Last month, the American Civil Liberties Union sued the Trump administration over its new requirement that asylum seekers remain in Mexico while their claims are processed in the United States. …The constant litigation has weakened our capacity to pursue meaningful immigration legislation through compromise, while rolling the dice on the fates of millions of immigrants themselves.
Just look at the multiple fronts in the legal battles between the administration and immigration advocates.
Federal district courts have issued nationwide injunctions against President Donald Trump’s decisions to end the Deferred Action for Childhood Arrivals program and Temporary Protected Status for several countries, keeping these programs on temporary lifelines. Federal courts have also repeatedly rejected the Trump administration’s efforts to claw back funding for Department of Justice programs from cities and counties with so-called sanctuary laws. The administration has lost several legal fights over its family separation policy and its efforts to limit access to asylum protections at the U.S.-Mexico border.
Finally, the Supreme Court ended nearly a year’s worth of litigation against Trump’s travel ban, leaving its latest version intact, much to the consternation of advocates who fought against its initial implementation in January 2017. This case is the only one to reach the Supreme Court, showing how the judicial route can keep immigration policies in limbo for years as cases wind through the federal court system.
Amid it all, the administration and advocates have largely ignored the body charged with actually governing immigration: Congress. As the branch of the U.S. government tasked with writing our nation’s laws, Congress should be the place where different sides debate, advocate and hopefully advance permanent measures to fix our broken immigration system.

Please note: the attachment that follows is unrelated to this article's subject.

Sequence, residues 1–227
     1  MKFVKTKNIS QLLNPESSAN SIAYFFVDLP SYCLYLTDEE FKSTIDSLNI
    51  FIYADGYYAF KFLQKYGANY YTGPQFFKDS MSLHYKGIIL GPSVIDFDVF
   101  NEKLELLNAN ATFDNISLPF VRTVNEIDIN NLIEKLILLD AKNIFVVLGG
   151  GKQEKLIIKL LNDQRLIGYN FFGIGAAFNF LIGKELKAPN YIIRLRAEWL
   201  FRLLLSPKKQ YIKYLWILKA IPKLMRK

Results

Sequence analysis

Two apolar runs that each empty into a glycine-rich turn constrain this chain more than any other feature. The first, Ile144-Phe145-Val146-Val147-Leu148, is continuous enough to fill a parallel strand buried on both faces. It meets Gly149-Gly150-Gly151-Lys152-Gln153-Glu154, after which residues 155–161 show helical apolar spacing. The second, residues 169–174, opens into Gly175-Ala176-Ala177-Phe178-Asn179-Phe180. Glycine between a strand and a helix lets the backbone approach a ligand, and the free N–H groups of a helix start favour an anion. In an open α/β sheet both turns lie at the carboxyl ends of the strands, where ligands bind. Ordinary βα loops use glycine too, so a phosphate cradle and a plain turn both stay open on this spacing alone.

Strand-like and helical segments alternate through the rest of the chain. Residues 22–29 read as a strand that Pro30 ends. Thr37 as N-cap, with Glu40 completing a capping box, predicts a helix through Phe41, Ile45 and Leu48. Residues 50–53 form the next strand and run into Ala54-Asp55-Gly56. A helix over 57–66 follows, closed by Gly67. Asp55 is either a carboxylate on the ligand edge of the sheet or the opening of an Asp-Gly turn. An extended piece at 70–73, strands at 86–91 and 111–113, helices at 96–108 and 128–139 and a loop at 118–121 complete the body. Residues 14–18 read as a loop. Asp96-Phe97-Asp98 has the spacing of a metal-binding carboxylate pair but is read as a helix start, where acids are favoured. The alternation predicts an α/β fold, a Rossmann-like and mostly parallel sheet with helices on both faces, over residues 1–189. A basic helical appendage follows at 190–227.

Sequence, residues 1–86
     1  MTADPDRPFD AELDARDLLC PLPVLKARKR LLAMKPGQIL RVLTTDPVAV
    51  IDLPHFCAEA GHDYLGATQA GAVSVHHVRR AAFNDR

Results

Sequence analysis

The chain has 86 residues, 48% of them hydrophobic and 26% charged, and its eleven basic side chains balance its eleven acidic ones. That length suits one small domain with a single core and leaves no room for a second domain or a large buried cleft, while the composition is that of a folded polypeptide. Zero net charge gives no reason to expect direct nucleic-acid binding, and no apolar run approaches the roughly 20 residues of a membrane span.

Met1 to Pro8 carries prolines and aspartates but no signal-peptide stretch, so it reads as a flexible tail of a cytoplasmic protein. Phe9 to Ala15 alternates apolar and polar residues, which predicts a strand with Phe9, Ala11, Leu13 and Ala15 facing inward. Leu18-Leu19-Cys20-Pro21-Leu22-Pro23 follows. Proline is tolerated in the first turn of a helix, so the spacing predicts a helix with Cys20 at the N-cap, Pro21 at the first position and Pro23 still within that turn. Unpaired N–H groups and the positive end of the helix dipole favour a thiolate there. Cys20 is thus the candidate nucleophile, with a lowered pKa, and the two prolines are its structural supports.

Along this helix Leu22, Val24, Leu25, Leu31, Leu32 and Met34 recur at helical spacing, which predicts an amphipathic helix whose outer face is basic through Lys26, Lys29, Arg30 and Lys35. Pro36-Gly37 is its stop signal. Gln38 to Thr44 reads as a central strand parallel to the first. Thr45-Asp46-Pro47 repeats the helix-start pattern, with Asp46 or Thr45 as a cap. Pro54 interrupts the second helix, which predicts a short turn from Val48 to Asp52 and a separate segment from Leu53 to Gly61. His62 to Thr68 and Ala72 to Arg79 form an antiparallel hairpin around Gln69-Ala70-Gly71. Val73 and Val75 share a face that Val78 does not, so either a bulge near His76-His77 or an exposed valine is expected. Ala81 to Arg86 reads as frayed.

Unfortunately, Congress has repeatedly failed to live up to this responsibility. Rather than acting, lawmakers have allowed partisan polarization and maneuvering over immigration to undermine broader efforts. It’s little surprise then that advocates and successive administrations alike have looked to other avenues, like executive action and the courts, to resolve our immigration problems.
And Congress has felt little pressure to intervene. Rather than providing clarity for immigrants and their communities through consensus-driven legislative solutions, each legal victory launches a new round of politicized appeals that threaten trust in the judicial branch as an impartial arbiter of law.
These points haven’t been lost on the nation’s judiciary. Last November, Chief Justice John Roberts wrote, “We do not have Obama judges or Trump judges, Bush judges or Clinton judges. What we have is an extraordinary group of dedicated judges doing their level best to do equal right to those appearing before them.”
In his decision last July on the legality of California’s sanctuary policies, U.S. District Judge John A. Mendez wrote, “This court joins the ever-growing chorus of federal judges in urging our elected officials to set aside the partisan and polarizing politics dominating the current immigration debate and work in a cooperative and bipartisan fashion toward drafting and passing legislation that addresses this critical political issue. Our nation deserves it. Our constitution demands it.”
Mendez’s call to action applies to every aspect of a polarized immigration debate that undermines efforts to develop viable long-term solutions through consensus and compromise.
To be clear, we’re not suggesting that litigation has no place in shaping our nation’s immigration laws and policies. Plaintiffs should have the right to challenge egregious practices or laws that cause harm and require legal intervention. The Trump administration’s family separation policy, which had moral and logistical deficiencies in deterring undocumented immigration, serves as an example.
Nevertheless, litigation should not be a substitute for legislation to fix our nation’s immigration system, especially when court decisions can set legal precedents that further confound and counter policy goals. While developing legislation through compromise may not generate the same rush as scoring a legal victory over an ideological opponent, it is a healthier and more inclusive way to work through our serious immigration issues.
Cristobal Ramon is an immigration policy analyst at the Bipartisan Policy Center.
Theresa Cardinal Brown is director of immigration and cross-border policy at BPC and served in the Department of Homeland Security during the George W. Bush and Obama administrations.